MPH@GW Blog


A History of Measles in the United States

In 2000, the CDC declared that measles had been eliminated from the United States. Now, almost two decades later, the nation is grappling with multiple outbreaks and hundreds of cases a year. How did we get here?

Producing Prevention: The Complex Development of Vaccines

Recent increases in cases of measles in the U.S. show the effect of vaccinations.

Realistic Ways You Can Combat Climate Change, Today

When it comes to a topic as big as climate change, it is easy to feel helpless and unsure of where to start. Regardless of your budget or bandwidth, there are meaningful steps you can take to save energy, curb emissions and help the planet.

Is Renting Bad for Your Health? How Renters Can Ensure Safe and Secure Housing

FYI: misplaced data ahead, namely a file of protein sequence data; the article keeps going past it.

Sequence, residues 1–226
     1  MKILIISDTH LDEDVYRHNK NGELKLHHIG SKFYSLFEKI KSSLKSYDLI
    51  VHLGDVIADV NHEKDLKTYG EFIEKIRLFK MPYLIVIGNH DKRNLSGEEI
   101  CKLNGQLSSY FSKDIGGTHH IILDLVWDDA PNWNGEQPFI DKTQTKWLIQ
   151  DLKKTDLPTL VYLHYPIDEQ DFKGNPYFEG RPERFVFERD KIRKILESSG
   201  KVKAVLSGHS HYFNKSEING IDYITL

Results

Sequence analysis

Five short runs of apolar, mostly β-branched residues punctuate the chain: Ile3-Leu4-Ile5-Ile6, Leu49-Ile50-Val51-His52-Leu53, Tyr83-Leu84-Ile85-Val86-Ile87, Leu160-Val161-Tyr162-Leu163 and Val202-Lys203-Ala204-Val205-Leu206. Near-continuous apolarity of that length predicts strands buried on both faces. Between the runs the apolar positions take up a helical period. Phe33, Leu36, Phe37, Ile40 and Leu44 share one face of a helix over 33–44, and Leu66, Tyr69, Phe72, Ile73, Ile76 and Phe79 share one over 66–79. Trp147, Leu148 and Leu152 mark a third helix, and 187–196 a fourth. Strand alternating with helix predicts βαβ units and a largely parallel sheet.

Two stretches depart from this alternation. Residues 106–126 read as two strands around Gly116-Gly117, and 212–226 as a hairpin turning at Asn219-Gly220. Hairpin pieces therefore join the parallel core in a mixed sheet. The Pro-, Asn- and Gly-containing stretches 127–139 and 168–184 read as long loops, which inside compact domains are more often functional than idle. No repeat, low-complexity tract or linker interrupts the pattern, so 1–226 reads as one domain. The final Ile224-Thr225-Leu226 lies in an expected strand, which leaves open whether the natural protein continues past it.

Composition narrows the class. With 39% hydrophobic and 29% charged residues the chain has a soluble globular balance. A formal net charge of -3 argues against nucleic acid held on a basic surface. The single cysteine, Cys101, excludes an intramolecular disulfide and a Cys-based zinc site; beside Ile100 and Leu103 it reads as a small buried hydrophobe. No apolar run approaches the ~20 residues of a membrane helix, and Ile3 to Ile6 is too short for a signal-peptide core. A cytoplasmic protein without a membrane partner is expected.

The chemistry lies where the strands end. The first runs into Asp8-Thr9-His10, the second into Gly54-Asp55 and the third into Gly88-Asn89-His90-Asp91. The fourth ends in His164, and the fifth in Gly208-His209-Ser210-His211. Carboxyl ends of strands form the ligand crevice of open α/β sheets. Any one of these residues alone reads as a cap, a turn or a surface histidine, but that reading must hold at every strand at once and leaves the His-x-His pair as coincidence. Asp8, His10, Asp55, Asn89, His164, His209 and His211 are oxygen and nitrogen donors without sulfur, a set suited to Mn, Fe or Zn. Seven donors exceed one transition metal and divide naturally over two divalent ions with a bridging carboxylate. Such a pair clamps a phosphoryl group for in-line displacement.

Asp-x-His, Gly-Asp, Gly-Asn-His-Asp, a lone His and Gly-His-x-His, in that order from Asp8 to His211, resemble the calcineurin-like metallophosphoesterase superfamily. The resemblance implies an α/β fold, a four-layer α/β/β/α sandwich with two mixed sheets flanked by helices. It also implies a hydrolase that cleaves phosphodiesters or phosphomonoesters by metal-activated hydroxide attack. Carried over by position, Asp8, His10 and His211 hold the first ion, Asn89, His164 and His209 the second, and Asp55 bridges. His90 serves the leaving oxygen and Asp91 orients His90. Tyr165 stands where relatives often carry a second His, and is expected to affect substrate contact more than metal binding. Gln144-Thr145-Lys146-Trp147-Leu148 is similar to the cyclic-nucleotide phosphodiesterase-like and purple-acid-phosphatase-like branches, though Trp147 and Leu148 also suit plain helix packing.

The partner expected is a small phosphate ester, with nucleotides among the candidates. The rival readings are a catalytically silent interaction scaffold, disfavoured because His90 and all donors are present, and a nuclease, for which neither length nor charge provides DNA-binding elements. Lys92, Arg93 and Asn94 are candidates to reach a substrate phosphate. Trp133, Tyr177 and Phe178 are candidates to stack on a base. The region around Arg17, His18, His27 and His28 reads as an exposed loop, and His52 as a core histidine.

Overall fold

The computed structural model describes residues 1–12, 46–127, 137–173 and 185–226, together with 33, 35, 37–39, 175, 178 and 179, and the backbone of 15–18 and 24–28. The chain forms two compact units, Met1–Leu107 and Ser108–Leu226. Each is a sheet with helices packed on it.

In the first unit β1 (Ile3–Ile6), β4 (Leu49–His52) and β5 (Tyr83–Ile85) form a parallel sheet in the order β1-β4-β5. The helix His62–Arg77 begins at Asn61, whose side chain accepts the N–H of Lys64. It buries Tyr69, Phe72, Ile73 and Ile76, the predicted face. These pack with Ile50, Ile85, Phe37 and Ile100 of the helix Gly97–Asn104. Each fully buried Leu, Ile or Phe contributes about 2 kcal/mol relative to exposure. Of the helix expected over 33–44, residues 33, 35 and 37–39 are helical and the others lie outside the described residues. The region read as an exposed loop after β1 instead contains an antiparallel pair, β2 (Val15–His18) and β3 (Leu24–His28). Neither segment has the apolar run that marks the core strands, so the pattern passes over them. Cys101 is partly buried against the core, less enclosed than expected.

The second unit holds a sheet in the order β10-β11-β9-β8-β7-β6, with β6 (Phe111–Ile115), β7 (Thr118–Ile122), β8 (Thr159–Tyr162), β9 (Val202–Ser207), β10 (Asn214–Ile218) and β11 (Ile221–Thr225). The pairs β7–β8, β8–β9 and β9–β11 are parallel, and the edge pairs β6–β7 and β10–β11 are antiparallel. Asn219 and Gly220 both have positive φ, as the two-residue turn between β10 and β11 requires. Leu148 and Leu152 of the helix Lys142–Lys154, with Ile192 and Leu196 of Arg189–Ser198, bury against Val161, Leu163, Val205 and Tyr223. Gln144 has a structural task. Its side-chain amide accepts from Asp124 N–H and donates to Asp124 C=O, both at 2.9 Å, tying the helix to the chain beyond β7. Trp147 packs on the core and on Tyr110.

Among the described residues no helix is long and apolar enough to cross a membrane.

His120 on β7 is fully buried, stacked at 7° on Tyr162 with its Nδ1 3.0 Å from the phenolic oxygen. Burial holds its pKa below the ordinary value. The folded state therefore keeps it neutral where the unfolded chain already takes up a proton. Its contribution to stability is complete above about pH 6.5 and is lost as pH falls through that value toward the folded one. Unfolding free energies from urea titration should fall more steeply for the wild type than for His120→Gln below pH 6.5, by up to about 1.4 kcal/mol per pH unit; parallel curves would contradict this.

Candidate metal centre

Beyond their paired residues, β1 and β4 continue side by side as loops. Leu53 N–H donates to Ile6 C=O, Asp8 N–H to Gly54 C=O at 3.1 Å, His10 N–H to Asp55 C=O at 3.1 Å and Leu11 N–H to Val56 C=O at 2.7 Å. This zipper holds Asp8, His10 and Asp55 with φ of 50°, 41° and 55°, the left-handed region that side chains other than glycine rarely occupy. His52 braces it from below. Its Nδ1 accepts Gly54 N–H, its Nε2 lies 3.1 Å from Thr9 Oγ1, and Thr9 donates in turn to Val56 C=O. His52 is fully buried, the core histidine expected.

When people turn to short-term housing for affordability and convenience, they have to be vigilant about the state of their housing. Renters can be exposed to carbon monoxide, lead, mold, indoor air pollution and poor water quality. Substandard rental housing might put tenants at risk, and renters typically have to rely on landlords for home improvements.

Top Careers for Those With a Health Informatics Degree

As the health care industry has become increasingly data-driven, the need for health informatics and analytics managers to organize and draw conclusions from health information has increased. HealthInformatics@GW is designed to prepare you for a career in health information technology. Learn more about health information technology (HIT) careers.

Global vigilance, and funds, needed to prevent pandemics

Public health officials are worried about the Trump administration’s plans to slash funding for epidemic-fighting efforts. One program at risk helps poorer nations with prevention, detection and response to outbreaks of diseases like Ebola.